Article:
I say, be careful with the use of the word "fight" it could be taken as a violent radicalization according to the Violent Radicalization and Homegrown Terrorism Act of 2007, which happens to be sponsored by Jane Harmon (D-CA) and co-sponsored by David Reichert (R-WA)... A two party system indeed.

Blackwater is watching you!

re: stevethegreen 06.Dec.2007 20:47



i don't know where to begin. Your "liberal" perspective of socialism comes straight from the textbooks of the ruling class. Although it's hard to sort out the misconceptions, distortions, and lies that filled your short post, i'll do my best. you say:

"I could never align myself with an ideology that demands centralized power."

this line is instructive in how you "argue" -- a vague sentence is thrown out as a bogeyman, while nothing is explained at all. The US' mainstream newspapers use the exact same tactic, which seems to be where you get most of your ideas from. Socialism in fact does not "demand centralized power". The few successes of the working-class taking political power-- the Paris Commune, Russian Revolution -- vastly democratized, i.e., decentralized, political power. Even completely unsuccessful revolutions set up "soviets" (local decision making bodies) that were to be the basis for the future political superstructure.

And PLEASE, stop confusing all of us by comparing Stalinism to Socialism: the two are mutually exclusive phenomenon. One is revolutionary, the other is counter-revolutionary (I suggest reading Trotsky's The Revolution Betrayed if you are honestly interested in the subject,). The socialist perspective on centralization is this: the productive forces (the vast machinery that creates the world we live in) need to be somehow democratically coordinated, i.e., centralized. So the abstract bogeyman of 'centralization' is in actuality a concrete thing that needs to be dealt with in reality. It is nice that the Green Party has decentralization as one of their core values; it seems odd that they NEVER explain what this will look like, or how it will happen...hmmm.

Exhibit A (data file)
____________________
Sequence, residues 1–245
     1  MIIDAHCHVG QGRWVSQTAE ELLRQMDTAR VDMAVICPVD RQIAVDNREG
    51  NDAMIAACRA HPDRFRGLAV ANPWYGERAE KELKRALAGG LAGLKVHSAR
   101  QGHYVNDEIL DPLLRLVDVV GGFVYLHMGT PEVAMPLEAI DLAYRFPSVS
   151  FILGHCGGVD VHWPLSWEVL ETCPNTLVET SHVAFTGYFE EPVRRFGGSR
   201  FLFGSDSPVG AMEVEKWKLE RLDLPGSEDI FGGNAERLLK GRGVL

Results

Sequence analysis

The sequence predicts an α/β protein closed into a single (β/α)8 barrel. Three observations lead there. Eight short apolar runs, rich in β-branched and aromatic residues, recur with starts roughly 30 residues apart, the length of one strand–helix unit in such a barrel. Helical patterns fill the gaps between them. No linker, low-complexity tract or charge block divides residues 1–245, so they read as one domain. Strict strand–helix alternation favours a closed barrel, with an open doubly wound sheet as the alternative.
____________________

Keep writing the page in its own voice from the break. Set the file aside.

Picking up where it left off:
you write:

"Greens believe you can put people and the planet first without eradicating their freedoms".

More bogeyman!!! Enough already!!!

you write:

"As we saw recently with Venezuela, socialists are quick to tell people what to do, how to do it, and when and if they can do it."

once again, nothing explained. One reads this and assumes that the NY Times is right that Chavez is an Authoritarian dictator, and this somehow proves the rest of your argument correct. At least you were cordial enough to admit that your opinion might have been corrupted by the mainstream media on this one.

Steve, I'm going to go out on a limb and assume your a well-meaning individual who either spent too much time in higher education, or just fanatically reads mainstream political publications. Either way, you ENTIRE opinion on socialism is WAY OFF, and looks A LOT like the red-baiting you'd see come out of George Bush's mouth, with a 'left-radical' twist

Soda Pop Democracy 06.Dec.2007 22:46

Ecotopian Yeti

This is what I call Soda Pop Democracy which is a corporatist offered choice of one shit coloured water for another posing as some democratic endeavour. Democracy is not a consumer choice of two or more products over the other. This Soda Pop Democracy which is now global from France to Australia is a brilliant propaganda created by Edward Bernays to make the citizen believe that for democracy to exist you must have the corporations. He called it Democracity.

No dissection necessary 07.Dec.2007 04:55